A college degree may be required for some positions, but not all. A degree in marketing or business can increase a brand representative’s changes of landing a job or securing a promotion. However, some employers may value prior sales experience with a proven track record of success, possibly including awards for performance,over formal education.

Knowledge of the basic principles of salesmanship is key to any brand representative position and may count for more than either education or experience, depending on the employer.

 

Brand Representative Salary and Outlook

The median annual salary for sales positions is $26,000, in contrast to the median annual salary for all jobs of $37,000.

In addition to an hourly wage or salary, and potentially tips and commissions, a brand representative may be eligible for a number of company benefits including health and life insurance and employee discount programs. A 401(k) and employee stock purchase plan may also be part of the compensation package.

The Bureau of Labor Statistics projects only 3 percent growth for sales occupations through 2026. As brick-and-mortar stores are replaced by e-commerce, that will likely depress growth in retail jobs. However, as social media brand marketing becomes more popular, brand representative positions requiring social media savvy are likely to increase. Knowledge of applications that measure sales reach, like Google Analytics, will also be helpful in securing a job.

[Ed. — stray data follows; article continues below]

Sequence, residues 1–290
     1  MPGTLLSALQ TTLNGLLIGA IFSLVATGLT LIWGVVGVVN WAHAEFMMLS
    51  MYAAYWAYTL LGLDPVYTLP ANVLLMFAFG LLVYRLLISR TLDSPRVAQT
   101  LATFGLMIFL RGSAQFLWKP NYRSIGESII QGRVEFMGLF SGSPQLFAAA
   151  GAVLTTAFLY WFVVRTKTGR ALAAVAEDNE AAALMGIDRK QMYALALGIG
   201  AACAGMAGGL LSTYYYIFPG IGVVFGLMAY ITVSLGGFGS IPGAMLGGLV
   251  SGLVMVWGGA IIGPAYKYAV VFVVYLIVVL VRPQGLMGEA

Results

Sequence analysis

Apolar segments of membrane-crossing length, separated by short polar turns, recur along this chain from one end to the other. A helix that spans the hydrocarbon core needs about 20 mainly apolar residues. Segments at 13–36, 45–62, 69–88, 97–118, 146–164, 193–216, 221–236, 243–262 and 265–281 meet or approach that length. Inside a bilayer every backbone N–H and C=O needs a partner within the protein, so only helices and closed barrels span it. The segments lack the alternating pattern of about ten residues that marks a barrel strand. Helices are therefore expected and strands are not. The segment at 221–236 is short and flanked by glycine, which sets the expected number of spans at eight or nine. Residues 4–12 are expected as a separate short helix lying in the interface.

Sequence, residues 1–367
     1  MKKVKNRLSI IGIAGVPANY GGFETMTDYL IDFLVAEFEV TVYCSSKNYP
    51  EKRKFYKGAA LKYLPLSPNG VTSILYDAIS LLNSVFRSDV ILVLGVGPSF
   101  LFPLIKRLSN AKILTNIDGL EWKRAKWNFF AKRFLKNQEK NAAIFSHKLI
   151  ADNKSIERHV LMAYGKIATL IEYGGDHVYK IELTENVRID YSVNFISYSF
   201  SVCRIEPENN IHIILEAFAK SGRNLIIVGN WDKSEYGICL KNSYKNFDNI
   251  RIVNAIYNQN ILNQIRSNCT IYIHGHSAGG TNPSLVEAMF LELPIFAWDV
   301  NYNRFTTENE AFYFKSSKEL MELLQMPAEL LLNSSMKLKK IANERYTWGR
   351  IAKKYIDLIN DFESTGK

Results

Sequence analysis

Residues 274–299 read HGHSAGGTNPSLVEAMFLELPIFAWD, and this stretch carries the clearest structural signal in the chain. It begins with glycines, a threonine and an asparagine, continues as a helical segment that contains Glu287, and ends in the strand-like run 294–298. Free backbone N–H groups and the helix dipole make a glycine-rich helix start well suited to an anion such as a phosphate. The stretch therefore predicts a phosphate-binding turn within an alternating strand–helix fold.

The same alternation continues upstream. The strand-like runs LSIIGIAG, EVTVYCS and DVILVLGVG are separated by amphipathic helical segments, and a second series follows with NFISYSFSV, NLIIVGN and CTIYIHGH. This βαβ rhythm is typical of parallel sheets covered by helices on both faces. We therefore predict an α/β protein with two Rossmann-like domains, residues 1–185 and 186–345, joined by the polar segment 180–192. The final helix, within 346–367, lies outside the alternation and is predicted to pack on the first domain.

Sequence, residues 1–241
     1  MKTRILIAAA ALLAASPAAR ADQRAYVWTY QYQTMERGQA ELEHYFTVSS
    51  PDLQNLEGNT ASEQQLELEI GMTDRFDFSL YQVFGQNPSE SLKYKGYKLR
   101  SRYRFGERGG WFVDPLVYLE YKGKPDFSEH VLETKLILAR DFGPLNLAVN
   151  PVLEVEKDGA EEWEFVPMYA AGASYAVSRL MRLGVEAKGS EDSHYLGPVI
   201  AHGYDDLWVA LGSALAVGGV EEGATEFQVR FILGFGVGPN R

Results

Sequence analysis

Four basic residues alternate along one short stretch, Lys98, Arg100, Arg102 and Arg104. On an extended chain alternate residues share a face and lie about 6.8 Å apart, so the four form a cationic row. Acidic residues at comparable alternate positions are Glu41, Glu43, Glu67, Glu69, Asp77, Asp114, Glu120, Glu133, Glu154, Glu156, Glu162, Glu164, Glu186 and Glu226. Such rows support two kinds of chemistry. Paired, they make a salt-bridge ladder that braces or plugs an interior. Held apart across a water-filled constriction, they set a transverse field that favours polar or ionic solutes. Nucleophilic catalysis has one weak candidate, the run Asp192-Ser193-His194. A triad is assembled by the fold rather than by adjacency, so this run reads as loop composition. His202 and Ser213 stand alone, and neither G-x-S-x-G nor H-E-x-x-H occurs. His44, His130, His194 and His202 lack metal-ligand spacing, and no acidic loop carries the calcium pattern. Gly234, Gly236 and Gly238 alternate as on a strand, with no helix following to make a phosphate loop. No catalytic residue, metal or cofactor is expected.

Brand Representative Helpful Resources

There are many resources out there to help brand representatives advance their careers, including the following:

Bloomberg Businessweek – this popular digital magazine regularly discusses trends and new ideas in the industry

“Advice for a Brand-New Sales Rep” – this article from Heinz Marketing offers tips and advice for aspiring brand representatives

New Sales Simplified: The Essential Handbook for Prospecting and New Business Development – Mark Weinberg’s guide teaches readers how to reach new customers, build rapport, overcome negativity, and drive sales. It was selected by HubSpot as one of the top 20 sales books of all time

The Challenger Sale: Taking Control of the Customer Conversation – author Matthew Dixon analyzes five common sales representative personalities and explores how one in particular consistently delivers high job performance